Turn any old toy gun into a torch.
My boys find it hilarious that I add LED’s to everything. Recently, I was talking about making a dog kennel and the first thing they ask is “you going to add LEDS?” Of course the answer is yes.
Why wouldn’t you though! They are simple to use, cheap and a great way to mod.
This ‘ible then is all about how to add an LED to a toy gun. The gun that I used is a cheap light gun that was used on the PS1. I found it at the tip and it had the cord missing. You could really use any gun with this mod, as long as there is enough room to add a 3 x AAA battery holder. That really is the only pre-requisite when deciding on what gun to use.
The gun I chose though had 2 of the main features that made this build very easy, a lens at the front and a SPDT lever switch. These things though are easy and cheap to buy from eBay, so if your gun doesn’t have them, don’t worry, I’ll put in some links to where you can buy them from
Let’s get on with the build…
Step 1: Things to Gather
1. Toy gun. This can be anything but if you want to make it as easy as possible type into eBay “Light gun”. You might even have one of these around the house gathering dust. Also, you can just use a toy gun if you wanted to
2. LED – eBay
3. 3 x AAA battery holder - eBay
4. Female power jack - eBay
5. Male power jack - eBay
6. 3.6v power charger –eBay
7. Optional – SPDT Lever switch – eBay
1. Wire cutters
4. Screwdrivers and phillips heads
5. Hot glue
6. Soldering iron
Step 2: Pulling Apart the Gun
The gun that I used is known as a “Blaze Silver Scorpion”. As I mentioned earlier, I find mine at the tip with the cord missing.
1. Un-screw the cowling and the grips
2. Remove any circuit boards inside the gun – we won’t be using these
3. If your gun has a SPDT lever switch you’re in luck – if not, you will need to decide where to add one. Look at how the trigger is pulled on your gun. Is there any room behind it to add a switch? When you pull the trigger back, can you have it activate the lever? You’ll need to work out the best way to have the lever activated when the trigger is pulled. Once you decide where to attach it, hot glue it into place.
Step 3: Modding the Inside of the Gun
To enable to batteries to be charged I added a female socket. You don’t have to do this but I didn’t want to have to open the gun up each time I wanted to change the batteries
1. Decide where you want to add the charging socket. Remember, you want it close to the battery holder and somewhere out of the way
2. With a dremel, create a hole big enough to accommodate the socket. Don’t glue into place yet as you will need to solder some wires to it first
3. To enable the battery holder to fit inside your gun handle, you may have to remove some of the supports and gussets inside. If you have a dremel you should be able to do this easily. If not, a pair of good wire snippers should do the job as well. Be careful though not to remove any screw supports or you won’t be able to put the gun back together correctly.
Step 4: Adding the Batteries
1. Solder the negative wire from the battery terminal to the negative terminal on the power socket. This is the one that is not connected to the middle pin on the power socket. See diagram of the socket below which will help you identify which pin to use.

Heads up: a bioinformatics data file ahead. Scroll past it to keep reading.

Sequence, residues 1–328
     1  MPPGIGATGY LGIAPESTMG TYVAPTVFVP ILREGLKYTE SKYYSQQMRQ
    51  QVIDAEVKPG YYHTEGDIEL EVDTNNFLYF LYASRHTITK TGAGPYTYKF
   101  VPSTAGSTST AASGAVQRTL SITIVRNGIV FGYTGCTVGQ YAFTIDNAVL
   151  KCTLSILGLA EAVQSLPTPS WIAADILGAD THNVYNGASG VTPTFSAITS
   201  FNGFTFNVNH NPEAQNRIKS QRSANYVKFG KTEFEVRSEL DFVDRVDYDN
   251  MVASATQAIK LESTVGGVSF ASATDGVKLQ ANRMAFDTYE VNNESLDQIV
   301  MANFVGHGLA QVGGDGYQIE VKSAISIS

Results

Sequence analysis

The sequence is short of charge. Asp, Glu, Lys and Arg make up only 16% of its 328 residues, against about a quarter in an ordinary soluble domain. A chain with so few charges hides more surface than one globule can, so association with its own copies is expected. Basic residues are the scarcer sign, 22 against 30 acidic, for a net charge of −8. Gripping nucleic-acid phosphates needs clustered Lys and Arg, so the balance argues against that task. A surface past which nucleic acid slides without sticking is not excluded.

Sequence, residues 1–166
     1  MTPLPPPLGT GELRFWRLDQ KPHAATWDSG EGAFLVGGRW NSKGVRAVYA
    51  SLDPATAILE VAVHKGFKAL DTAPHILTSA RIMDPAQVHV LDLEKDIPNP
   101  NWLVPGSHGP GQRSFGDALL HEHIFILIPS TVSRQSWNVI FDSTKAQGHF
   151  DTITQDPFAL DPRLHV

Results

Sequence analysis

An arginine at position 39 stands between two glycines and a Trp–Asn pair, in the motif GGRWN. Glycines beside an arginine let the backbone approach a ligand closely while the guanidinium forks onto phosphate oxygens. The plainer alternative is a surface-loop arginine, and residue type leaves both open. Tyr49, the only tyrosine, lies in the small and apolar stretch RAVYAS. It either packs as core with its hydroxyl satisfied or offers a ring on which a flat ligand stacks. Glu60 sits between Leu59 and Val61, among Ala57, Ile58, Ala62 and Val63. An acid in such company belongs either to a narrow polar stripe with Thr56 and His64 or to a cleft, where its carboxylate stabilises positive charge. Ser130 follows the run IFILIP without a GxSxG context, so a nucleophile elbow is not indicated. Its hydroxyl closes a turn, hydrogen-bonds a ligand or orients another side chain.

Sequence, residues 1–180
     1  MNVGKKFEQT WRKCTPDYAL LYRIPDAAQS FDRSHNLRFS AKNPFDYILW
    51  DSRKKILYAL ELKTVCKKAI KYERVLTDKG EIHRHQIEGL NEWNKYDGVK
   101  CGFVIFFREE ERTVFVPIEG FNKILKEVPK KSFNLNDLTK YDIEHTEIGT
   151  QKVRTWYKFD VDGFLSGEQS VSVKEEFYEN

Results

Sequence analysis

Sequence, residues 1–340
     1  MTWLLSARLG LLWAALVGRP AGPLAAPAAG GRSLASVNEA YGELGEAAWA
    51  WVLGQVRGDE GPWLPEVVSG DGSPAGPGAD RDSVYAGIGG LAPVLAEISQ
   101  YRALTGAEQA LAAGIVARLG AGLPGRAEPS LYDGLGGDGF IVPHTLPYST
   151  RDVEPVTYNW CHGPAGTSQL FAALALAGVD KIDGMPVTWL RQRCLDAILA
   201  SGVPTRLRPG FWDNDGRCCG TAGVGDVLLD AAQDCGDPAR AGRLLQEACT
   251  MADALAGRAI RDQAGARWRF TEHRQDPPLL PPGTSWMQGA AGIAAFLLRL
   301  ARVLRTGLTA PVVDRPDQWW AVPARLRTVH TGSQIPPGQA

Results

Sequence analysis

2. Next solder another wire to the same terminal on the socket to the “open” terminal on the switch. This is to be soldered to the negative terminal on the LED.
For those who haven’t used SPDT switch before there are 2 modes that these can be in “always open or always closed” We want to wire it up so when you pull the trigger, it pushes the level and the power comes on. That’s why you need to open it up to the “open” terminal. I have included a diagram which might make it easier to understand.
3. Next solder the positive wire on the battery to the “positive” terminal on the power socket. This is the middle pin.
4. Solder another wire to the same place and attach this to the positive section of the LED
Step 5: Hot Gluing the LED Into Place
Make sure that you have soldered everything correctly and check if the LED comes on when the trigger is pulled. It does! Good.
1. Work out the best position to glue the LED into place. The lens acts like a beam director and will either make the LED beam wider or narrower. It’s up to you on what tyoe of light you want to produce.
2. Once you have decided where to place the LED, next hot glue it into place. Make sure that you aren’t shy with the hot glue, you want the LED to be stable and not move once it has been glued into place
3. Lastly, hot glue into place any bits of the gun that were held in place by either the circuit board or gussets that you might have removed in order to fit the batteries into place
Step 6: Gluing Everything Else
1. First check and make sure that everything works and that when you pull the trigger the Light comes on.
2. If everything is ok, hot glue down the charging socket
3. Next hot glue down the battery pack
Step 7: How to Charge the Batteries
As mentioned previously, I didn’t want to have to unscrew the gun each time I wanted to charge the batteries. The charging socket allows you to charge the batteries without having to do this.
The batteries I used are rechargeable 1.2v batteries (total of 3.6v) and can be purchased at most stores that sell batteries. I luckily had a 3.6v charger which I could use to charge them. All I have to do is to plug it in and leave for a couple hours and it’s fully charged.
I think having maybe a 4.5v charger would work better but the 3.6v one does the trick.